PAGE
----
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The 711 Ranch Cattle Operations
Instead of travelling newly paved roads and viewing beautiful custom homes, imagine entering the land of Mystic Shores on ranch roads and viewing large, red Santa Gertrudis cattle roaming around you. What was once the “711 Ranch – Comal” was the home of a large cattle operation with roots connected to the King Ranch of Texas. 

The Santa Gertrudis cattle were named after the land grant on which Captain Richard King first founded the legendary King Ranch. Captain King embarked upon breeding cattle that would thrive in the brushy, dry land of South Texas. In about 1910, the King Ranch’s efforts began to systematically produce superior cattle well-suited to the harsh environment with a cross of 3/8 Brahman and 5/8 Shorthorn cattle. The new Santa Gertrudis breed became known as American’s first “beef breed”. 

The King Ranch was selective on who purchased its Santa Gertrudis bulls, selling to big ranchers with proven abilities to grow and maintain a herd. The 711 Ranch owner, Mr. L.A. Nordan, bought a Santa Gertrudis bull from the King Ranch – called Bull Number 12 - which became the start of his new 711 Santa Gertrudis herd. The 711 Ranch was a member of the Santa Gertrudis International Association, headquartered in Kingsville, and Mr. Nordan also began an association with other early breeders called the Pioneer Group, which was part of the SGIA. Though an early member of the SGIA with a low membership number, Mr. Nordan later changed his SGIA membership number to “711”.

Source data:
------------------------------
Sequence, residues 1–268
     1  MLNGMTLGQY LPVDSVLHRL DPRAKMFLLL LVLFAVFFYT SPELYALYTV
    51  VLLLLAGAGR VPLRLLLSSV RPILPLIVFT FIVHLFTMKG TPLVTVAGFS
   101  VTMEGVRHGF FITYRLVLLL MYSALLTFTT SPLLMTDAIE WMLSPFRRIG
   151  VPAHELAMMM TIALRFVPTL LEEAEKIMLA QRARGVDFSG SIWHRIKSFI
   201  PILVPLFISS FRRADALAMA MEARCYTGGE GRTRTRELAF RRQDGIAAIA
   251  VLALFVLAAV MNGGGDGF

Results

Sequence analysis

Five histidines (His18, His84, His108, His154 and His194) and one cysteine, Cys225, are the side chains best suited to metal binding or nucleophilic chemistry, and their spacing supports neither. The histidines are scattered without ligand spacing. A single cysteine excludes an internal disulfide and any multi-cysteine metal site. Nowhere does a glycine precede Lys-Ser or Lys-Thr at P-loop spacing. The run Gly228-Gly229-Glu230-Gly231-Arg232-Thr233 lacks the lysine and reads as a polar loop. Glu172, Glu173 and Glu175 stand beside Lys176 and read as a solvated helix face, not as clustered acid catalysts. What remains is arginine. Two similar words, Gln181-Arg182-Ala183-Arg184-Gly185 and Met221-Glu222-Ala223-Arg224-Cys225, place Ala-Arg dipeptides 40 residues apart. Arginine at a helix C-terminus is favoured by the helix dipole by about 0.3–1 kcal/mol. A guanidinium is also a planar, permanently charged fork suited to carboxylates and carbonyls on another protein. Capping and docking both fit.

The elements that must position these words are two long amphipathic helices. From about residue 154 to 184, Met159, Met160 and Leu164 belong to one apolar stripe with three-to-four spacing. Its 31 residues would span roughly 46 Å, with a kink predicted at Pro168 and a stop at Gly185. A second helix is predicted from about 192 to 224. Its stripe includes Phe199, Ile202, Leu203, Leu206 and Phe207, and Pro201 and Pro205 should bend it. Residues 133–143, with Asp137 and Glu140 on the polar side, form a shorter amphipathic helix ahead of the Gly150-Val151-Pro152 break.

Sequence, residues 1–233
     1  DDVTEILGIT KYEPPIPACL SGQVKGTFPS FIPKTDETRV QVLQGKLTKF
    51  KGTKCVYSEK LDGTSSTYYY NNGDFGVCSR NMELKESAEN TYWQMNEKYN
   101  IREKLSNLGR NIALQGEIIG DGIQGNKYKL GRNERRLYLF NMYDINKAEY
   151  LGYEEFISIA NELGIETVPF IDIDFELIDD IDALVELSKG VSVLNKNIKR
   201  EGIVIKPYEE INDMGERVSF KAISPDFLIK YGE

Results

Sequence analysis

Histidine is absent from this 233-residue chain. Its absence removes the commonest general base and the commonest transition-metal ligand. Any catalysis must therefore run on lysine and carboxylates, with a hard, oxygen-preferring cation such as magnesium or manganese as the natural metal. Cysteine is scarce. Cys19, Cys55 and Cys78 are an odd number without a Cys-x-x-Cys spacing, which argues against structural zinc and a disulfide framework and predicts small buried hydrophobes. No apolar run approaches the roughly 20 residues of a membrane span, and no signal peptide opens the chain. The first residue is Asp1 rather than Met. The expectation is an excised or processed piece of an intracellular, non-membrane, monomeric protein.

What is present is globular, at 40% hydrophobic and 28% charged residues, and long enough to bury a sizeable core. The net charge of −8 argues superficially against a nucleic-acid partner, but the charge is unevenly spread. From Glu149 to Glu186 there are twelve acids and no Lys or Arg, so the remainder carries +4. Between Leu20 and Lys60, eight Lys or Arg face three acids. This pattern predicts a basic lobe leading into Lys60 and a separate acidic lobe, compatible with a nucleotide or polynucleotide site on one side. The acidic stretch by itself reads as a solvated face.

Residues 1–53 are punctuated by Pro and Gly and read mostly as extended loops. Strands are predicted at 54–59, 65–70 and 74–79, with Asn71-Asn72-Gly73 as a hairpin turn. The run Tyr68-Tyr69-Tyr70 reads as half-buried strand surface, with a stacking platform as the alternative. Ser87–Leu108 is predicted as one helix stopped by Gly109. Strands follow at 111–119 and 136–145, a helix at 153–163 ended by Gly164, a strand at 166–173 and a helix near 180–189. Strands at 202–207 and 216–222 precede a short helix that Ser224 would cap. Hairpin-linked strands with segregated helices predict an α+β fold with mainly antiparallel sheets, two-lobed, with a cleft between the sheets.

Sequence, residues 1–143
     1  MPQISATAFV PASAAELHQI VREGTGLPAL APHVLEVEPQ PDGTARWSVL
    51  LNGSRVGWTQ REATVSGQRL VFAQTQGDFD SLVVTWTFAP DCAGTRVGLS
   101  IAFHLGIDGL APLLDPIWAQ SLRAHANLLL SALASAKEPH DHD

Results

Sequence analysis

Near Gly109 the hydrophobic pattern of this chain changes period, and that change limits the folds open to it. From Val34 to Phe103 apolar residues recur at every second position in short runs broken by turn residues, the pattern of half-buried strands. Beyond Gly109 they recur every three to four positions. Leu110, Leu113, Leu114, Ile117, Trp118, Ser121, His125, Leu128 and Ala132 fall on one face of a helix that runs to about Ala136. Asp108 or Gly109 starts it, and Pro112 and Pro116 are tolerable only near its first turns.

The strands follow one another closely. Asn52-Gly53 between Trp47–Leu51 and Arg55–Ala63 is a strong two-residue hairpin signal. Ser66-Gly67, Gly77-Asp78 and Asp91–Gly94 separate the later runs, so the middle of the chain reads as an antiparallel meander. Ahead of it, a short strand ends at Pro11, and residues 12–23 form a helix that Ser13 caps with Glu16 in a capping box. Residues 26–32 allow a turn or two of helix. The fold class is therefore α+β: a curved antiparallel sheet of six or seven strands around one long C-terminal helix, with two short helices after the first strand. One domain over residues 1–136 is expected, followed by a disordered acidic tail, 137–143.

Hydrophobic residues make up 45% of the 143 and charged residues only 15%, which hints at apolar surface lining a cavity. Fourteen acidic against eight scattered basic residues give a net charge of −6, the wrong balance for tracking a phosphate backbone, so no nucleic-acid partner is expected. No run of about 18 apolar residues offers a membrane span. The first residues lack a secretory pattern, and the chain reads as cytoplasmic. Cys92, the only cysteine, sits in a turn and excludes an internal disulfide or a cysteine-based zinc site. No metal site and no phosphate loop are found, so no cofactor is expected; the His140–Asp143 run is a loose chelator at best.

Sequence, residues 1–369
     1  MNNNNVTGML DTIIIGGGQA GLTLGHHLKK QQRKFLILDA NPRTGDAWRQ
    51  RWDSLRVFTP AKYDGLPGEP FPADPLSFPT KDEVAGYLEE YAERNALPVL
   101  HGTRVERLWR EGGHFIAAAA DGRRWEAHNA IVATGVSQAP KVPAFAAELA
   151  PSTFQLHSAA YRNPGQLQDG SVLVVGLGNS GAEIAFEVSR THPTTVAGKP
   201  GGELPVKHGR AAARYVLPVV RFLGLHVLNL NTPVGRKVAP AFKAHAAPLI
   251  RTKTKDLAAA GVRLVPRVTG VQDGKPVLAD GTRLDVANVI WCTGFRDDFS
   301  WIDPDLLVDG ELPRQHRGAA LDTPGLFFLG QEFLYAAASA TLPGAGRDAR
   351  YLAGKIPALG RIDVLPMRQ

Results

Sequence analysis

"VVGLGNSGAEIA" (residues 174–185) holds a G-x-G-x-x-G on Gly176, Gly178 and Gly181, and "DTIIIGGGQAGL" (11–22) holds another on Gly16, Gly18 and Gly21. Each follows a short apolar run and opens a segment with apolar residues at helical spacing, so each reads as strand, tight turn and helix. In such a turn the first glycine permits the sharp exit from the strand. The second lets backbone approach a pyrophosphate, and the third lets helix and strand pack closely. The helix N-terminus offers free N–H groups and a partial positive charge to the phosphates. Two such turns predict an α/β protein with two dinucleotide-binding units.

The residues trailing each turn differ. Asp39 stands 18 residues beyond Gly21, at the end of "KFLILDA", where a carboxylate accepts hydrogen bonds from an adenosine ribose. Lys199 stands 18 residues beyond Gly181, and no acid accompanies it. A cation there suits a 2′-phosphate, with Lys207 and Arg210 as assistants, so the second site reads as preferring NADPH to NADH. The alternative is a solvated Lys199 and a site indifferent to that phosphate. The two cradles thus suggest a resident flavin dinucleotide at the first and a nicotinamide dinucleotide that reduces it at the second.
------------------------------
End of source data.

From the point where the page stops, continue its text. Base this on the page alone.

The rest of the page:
You can do a little more “imagining” of the old ranch days as you drive around Mystic Shores. As an indicator of how harsh the environment is for raising cattle, the very large 711 Ranch-Comal supported about 200 cows, serviced by 6-8 bulls. When Hwy. 306 was extended in the 1970’s from Crane’s Mill Road to Hwy. 281, the 711 Ranch negotiated the bridge over Devil’s Hollow, creating a natural culvert for livestock to safely travel between the north and south sections of the ranch, and a large man-made cattle-crossing culvert under Hwy. 306, which was later removed during development of Mystic Shores. 


 
 
 

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